Rebuilding the Middle Class

In Vermont, the poverty rate increased to 9.4 percent last year, a 1.4 percent increase over 2008, the Census Bureau reported last week. That means nearly one in 10 Vermonters live in poverty.  The rising poverty rate provides additional evidence that more people who had considered themselves as part of the middle class are seeing their standard of living slip.

Vermont has fared better than the nation. Roughly 44 million Americans, more than 14 percent of the population, were living in poverty last year, a record. Since 2000, nearly 12 million Americans have slipped out of the middle class and into poverty.

Rebuilding the country's infrastructure, transforming America's energy system, rebuilding the nation's manufacturing sector, and helping small businesses create jobs are the most effective ways to create jobs and expand the ranks of the middle class, Sen. Bernie Sanders said.

Part of accomplishing this goal, he said, is to oppose Republican plans to extend tax breaks for the wealthiest Americans.

Sanders supports ending tax breaks for the wealthiest 2 percent while keeping in place tax cuts that expire at the end of this year for the 98 percent of Americans with household incomes under $250,000.

Ending the tax breaks for the rich would yield $700 billion in revenue over the next decade.  Sanders proposes devoting half that amount for deficit reduction and the investing the other half in badly-needed, job-creating infrastructure projects such as roads, bridges, water systems and public transportation systems.

 "At a time when the middle class is collapsing and we have a $13 trillion national debt, we need to create jobs and lower our deficit - not provide more tax breaks for the very wealthiest people in our society," Sanders said.  

"In my view, we have got to put millions of Americans back to work rebuilding our crumbling infrastructure," the senator said, noting "every $1 billion invested in infrastructure creates or saves over 45,000 American jobs."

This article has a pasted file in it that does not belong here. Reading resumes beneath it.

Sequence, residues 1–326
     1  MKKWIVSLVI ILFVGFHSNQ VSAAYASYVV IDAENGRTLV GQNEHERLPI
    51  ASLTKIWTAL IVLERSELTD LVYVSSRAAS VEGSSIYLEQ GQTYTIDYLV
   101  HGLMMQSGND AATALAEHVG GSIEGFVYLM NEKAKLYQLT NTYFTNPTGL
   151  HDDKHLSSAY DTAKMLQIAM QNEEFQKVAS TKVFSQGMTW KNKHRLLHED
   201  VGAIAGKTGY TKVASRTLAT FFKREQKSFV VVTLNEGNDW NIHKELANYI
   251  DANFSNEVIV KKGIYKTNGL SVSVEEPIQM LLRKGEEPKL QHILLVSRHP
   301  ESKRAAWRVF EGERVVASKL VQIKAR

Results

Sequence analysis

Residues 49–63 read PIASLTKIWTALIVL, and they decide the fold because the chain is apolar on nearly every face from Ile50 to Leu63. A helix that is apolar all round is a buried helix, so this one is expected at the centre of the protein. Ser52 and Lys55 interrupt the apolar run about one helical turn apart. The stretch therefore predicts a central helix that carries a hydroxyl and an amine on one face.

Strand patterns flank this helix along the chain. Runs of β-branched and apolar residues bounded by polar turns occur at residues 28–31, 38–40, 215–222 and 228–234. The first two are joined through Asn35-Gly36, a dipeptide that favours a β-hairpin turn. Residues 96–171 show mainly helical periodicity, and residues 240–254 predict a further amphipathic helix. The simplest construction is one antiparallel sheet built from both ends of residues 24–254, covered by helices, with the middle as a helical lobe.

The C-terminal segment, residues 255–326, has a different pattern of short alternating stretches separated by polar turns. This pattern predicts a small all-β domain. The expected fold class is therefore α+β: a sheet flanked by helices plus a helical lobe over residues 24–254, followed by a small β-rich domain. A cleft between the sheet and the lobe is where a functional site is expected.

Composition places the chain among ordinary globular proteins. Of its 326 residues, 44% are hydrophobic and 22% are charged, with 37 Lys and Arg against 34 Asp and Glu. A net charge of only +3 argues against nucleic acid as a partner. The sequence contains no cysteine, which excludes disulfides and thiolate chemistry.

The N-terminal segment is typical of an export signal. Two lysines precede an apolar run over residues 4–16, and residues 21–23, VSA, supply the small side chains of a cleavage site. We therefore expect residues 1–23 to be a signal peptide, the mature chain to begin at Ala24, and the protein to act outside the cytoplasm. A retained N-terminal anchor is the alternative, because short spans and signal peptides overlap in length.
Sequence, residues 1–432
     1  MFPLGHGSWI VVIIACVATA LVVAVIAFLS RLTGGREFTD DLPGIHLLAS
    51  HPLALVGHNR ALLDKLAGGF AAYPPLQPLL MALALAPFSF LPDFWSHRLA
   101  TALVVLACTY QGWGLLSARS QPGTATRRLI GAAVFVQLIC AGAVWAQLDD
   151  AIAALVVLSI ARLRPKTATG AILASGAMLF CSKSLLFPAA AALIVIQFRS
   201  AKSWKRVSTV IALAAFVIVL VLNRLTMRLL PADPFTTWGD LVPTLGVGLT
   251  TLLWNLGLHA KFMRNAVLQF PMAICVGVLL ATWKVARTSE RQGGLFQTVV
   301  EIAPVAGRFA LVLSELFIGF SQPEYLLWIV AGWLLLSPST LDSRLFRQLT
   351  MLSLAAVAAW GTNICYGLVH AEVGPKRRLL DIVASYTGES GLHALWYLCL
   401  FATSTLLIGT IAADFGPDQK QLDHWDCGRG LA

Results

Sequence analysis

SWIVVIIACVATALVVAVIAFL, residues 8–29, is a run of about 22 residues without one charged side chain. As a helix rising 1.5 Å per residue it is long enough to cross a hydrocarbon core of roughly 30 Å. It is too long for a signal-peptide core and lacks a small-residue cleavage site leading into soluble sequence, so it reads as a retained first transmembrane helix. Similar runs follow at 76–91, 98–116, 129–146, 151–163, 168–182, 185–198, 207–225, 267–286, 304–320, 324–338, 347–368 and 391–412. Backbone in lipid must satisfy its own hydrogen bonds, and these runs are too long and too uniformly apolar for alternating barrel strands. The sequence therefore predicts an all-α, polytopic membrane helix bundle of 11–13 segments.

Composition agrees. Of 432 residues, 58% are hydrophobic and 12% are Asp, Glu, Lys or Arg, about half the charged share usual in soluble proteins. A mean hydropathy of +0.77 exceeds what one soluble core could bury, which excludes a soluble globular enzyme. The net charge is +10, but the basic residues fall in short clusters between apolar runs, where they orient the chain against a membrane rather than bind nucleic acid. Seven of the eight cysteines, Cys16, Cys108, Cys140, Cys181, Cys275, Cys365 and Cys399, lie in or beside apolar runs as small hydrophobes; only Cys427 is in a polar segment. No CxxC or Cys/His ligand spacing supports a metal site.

Transforming the nation's energy system will also create jobs, helping boost wages and expand the middle class. Sanders called for reducing dependence on oil and other fossil fuels, investing in renewable sources of energy such as wind, solar, and geothermal, and making our country more energy efficient.

Trade policy must also be revamped to bolster the nation's ailing manufacturing sector. "If American corporations want Americans to buy their products, the companies should be making their products here - not in China," Sanders said.  "We need to develop a trade policy that increases jobs in America and lifts wages up, not down."

Supporting Vermont's and America's small businesses are also essential to creating jobs and lifting people from poverty into the middle class. Last week, the Senate overcame a Republican opposition to approve a $30 billion lending fund and $12 billion in tax relief to help small businesses create jobs.

"Helping small businesses receive affordable credit is imperative," Sanders said. "Small business creates most of the new jobs in this country and it's important that we do everything we can to help them." 


The stark statistical snapshot by the Census Bureau showed the median income of all families in the U.S. declined by $337 from 2008 to 2009, and far below the levels of the late 1990s -- another sign that earnings of for working Americans are declining

Middle-class families have seen their incomes go down by over $2,600 over the past decade going from $52,388 in 1999 to $49,777 last year, after adjusting for inflation. Simply put, middle-class families earned more income in 1998 than they did in 2009. 

In Vermont, middle-class families saw their incomes go down last year by $800 from where they were in 2006.